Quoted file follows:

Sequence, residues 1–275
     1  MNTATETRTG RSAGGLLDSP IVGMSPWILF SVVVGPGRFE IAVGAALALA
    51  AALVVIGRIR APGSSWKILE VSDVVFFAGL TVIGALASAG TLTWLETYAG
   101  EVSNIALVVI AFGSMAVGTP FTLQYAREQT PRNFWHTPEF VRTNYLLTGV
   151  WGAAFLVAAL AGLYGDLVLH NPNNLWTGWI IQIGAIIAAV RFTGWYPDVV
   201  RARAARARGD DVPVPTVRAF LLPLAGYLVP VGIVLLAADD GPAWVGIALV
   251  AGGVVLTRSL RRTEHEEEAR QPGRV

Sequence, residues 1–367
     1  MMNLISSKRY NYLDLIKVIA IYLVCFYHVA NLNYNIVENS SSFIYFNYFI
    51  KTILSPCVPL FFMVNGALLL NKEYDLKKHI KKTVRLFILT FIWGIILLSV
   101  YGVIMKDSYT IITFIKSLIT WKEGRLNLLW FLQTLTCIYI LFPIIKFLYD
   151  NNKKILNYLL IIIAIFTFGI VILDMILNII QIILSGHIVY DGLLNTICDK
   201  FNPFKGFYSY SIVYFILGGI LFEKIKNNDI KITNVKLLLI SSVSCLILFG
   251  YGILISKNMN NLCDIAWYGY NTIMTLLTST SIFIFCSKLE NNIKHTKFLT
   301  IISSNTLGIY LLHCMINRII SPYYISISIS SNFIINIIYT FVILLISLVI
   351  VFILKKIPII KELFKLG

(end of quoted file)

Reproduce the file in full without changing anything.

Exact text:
Sequence, residues 1–275
     1  MNTATETRTG RSAGGLLDSP IVGMSPWILF SVVVGPGRFE IAVGAALALA
    51  AALVVIGRIR APGSSWKILE VSDVVFFAGL TVIGALASAG TLTWLETYAG
   101  EVSNIALVVI AFGSMAVGTP FTLQYAREQT PRNFWHTPEF VRTNYLLTGV
   151  WGAAFLVAAL AGLYGDLVLH NPNNLWTGWI IQIGAIIAAV RFTGWYPDVV
   201  RARAARARGD DVPVPTVRAF LLPLAGYLVP VGIVLLAADD GPAWVGIALV
   251  AGGVVLTRSL RRTEHEEEAR QPGRV

Sequence, residues 1–367
     1  MMNLISSKRY NYLDLIKVIA IYLVCFYHVA NLNYNIVENS SSFIYFNYFI
    51  KTILSPCVPL FFMVNGALLL NKEYDLKKHI KKTVRLFILT FIWGIILLSV
   101  YGVIMKDSYT IITFIKSLIT WKEGRLNLLW FLQTLTCIYI LFPIIKFLYD
   151  NNKKILNYLL IIIAIFTFGI VILDMILNII QIILSGHIVY DGLLNTICDK
   201  FNPFKGFYSY SIVYFILGGI LFEKIKNNDI KITNVKLLLI SSVSCLILFG
   251  YGILISKNMN NLCDIAWYGY NTIMTLLTST SIFIFCSKLE NNIKHTKFLT
   301  IISSNTLGIY LLHCMINRII SPYYISISIS SNFIINIIYT FVILLISLVI
   351  VFILKKIPII KELFKLG